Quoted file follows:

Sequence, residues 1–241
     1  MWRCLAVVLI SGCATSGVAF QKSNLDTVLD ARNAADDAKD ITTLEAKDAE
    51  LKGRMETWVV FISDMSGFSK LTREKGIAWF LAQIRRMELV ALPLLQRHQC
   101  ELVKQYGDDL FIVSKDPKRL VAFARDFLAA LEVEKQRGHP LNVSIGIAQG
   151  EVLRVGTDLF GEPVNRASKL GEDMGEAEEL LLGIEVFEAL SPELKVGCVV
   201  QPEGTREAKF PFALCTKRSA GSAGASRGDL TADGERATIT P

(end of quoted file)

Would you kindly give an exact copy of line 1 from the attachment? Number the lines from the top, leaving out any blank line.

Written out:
Sequence, residues 1–241